For most of us, our love of neighbor begins with a sincere curiosity of just who they are, where they have come from, and what is most important about who they hope to become. Sure, we would all like to think that we possess an unconditional positive regard for humanity, and I believe that many do. But few walk up to their neighbor and pledge unqualified, universal support or call into question central aspects of their being, and expect that the relationship will progress meaningfully from here.

Still, there is also another component of curiosity that is just as essential. Beyond truly seeking to know and understand others, it is what I will call “internal curiosity.” It is inquisitiveness about our own feelings, thoughts, biases, opinions and actions when it comes to another person or group of people.

In regard to both aspects of curiosity, this one actually may be the most difficult, because it may force us to enter into a place of psychological discomfort and unease as we consider that there are aspects of our own psyche that don’t jibe well with what is fair, truthful or desirable. It’s not easy to admit to others, and especially ourselves, that we have prejudiced beliefs. But for people and communities to really thrive in the area of multiculturalism and diversity, all people, regardless of race or ethnicity, should strive to grow in both aspects.

Ultimately, I believe the cultivation of curiosity is the missing piece of the puzzle that is race relations, and for that matter, all the important social justice issues of today. For any truly exploratory research, explanatory documents or reciprocal conversations that occur, there are thousands of voices shouting in discord (or accord) while millions of voices remain in silence, afraid to ask or say anything at all. The blame for this lack of curiosity is on all of us, and it is the responsibility of each and every citizen in a democratic state just as much as it is to express our opinions and ideas in a civil manner.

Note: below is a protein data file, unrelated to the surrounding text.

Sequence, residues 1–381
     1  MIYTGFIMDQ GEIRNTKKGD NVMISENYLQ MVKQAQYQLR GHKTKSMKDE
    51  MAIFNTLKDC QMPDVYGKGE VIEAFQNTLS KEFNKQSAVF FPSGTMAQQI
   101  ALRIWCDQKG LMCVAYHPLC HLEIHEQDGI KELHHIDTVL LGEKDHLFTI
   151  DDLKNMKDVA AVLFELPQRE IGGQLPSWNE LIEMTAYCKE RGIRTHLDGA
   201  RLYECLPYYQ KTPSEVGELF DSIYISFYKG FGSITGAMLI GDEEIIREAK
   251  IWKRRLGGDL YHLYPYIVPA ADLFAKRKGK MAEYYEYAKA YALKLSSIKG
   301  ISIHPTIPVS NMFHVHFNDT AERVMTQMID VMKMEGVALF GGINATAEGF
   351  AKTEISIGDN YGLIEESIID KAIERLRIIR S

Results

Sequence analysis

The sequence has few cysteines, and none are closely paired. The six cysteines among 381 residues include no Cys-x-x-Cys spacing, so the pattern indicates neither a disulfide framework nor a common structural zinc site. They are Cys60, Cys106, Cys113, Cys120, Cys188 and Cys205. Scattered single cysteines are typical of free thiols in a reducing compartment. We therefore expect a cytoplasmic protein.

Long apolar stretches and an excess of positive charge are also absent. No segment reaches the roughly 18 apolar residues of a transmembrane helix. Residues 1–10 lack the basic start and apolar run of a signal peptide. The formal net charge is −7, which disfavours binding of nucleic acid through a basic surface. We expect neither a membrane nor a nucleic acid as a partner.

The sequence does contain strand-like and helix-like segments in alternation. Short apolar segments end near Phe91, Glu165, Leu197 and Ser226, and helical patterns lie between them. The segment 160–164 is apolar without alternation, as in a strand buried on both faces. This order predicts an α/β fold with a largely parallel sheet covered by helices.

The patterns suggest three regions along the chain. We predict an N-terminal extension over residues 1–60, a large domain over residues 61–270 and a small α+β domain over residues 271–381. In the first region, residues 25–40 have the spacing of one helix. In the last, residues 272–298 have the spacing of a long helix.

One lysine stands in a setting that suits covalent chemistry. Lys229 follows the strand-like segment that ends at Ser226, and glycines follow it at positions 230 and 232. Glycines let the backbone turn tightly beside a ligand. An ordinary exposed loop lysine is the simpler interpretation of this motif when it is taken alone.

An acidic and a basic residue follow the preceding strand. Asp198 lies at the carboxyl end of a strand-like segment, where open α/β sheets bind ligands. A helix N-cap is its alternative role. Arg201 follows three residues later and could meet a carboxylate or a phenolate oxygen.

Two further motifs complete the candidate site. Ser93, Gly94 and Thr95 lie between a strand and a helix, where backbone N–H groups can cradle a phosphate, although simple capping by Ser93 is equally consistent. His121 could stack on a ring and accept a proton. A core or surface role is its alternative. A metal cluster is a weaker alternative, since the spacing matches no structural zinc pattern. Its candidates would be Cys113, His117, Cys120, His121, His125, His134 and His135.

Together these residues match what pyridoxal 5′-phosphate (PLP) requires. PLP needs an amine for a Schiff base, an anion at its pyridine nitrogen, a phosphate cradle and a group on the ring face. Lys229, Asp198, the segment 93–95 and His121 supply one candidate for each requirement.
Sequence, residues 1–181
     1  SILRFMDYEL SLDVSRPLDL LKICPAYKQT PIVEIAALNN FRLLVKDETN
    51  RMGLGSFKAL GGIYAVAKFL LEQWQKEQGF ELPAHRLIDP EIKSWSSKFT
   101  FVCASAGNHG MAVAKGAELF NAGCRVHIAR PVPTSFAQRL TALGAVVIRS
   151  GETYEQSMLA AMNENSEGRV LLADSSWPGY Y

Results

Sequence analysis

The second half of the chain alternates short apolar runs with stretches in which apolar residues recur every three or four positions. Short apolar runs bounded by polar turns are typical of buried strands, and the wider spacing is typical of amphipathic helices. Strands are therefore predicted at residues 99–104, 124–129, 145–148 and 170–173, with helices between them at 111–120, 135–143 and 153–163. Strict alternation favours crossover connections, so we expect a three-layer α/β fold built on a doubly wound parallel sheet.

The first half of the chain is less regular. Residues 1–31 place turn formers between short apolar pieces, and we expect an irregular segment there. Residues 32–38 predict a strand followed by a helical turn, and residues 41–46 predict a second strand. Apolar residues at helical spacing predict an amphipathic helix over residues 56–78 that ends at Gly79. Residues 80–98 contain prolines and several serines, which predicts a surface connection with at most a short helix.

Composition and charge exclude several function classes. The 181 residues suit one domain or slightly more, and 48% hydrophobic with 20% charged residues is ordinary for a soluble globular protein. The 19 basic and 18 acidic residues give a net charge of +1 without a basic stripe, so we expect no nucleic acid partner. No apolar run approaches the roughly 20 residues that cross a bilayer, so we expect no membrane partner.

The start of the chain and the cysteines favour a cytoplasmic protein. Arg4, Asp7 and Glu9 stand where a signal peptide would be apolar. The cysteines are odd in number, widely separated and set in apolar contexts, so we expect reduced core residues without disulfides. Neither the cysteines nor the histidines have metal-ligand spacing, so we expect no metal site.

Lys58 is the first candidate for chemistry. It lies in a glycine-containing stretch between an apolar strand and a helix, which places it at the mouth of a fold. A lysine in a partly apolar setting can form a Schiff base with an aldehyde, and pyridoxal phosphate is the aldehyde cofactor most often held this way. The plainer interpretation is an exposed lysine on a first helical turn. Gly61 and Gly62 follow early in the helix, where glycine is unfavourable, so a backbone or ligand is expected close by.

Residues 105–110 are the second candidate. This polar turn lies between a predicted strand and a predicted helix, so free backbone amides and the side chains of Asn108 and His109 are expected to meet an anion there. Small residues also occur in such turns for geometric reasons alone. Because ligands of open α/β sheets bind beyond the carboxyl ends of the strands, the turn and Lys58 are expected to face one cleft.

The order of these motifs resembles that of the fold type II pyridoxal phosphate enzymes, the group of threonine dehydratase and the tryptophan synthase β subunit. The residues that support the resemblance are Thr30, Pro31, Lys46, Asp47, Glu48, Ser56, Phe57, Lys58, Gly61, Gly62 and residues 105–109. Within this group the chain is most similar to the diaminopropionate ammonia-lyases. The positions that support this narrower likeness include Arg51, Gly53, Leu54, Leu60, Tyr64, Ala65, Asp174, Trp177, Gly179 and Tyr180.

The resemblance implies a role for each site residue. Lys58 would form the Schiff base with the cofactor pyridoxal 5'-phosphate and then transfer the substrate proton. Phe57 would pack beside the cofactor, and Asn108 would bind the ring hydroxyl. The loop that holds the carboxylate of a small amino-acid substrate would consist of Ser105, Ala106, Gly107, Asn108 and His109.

It is the responsibility of parents, teachers, pastors, mentors, professionals and ultimately ourselves to encourage and foster both types of curiosity.

None of us has all the answers and no one is perfect; it’s time we demonstrate curiosity about why this is the case. In doing so, sometimes we might just have to live with the fear of being called or seen as racist or prejudiced of any kind, something that many of us shutter to even consider. But always, in all situations, we must have patience and understanding for those who truly seek to understand the what and why, even if the questions they ask may not be perfectly said or may reflect underlying stereotypes or beliefs that are perceived as socially undesirable and/or prejudiced. The irony, as I noted here, is that if people and our world were designed to be anything, they were designed to be diverse, thus it seems our degree of curiosity should mirror the life as it is.

The reality is that the current climate of the year 2020 is anything but supportive of filling this missing link although certain positive signs are starting to emerge. But, like all change that matters, it starts with a few people and a few basic conversations founded on a desire to get to know each other (and themselves) better and the situation as it truly is, not on furthering an agenda or proving a point or electing governmental representatives.

At the end of the day, the real solution to reducing racism (I would love to say ending racism, but I am going to be realistic) is getting to know people better for who they really are. Having seen it happen firsthand, I am not naïve to believe that this will eradicate all implicit stereotypes and racist beliefs. But I do believe that nothing changes people’s attitudes like having a repeated experience that contradicts their prejudiced views.

It’s easy to hold to a position or an idea when confirmed from afar; it is altogether more difficult to remain steadfast to a belief when it is challenged up close, in a person or people you come to know.

Advocacy and opinions will only take us so far, and as Catholics, they alone will limit us in truly seeking the truth. If curiosity is truly the mother of invention, then it is due time, in our homes, workplaces, communities and country, to do whatever it takes to cultivate curiosity so that our inventive minds can figure out a better way to improve race relations than what is currently going on now. Surely we can do better. Surely we can.

James Schroeder, Ph.D., is the vice president of the psychology program

at Easterseals Rehabilitation Center in Evansville, Indiana,

He resides in Evansville with his wife, Amy, and their seven children.

He also is a regular guest on Relevant Radio and Son Rise Morning Show.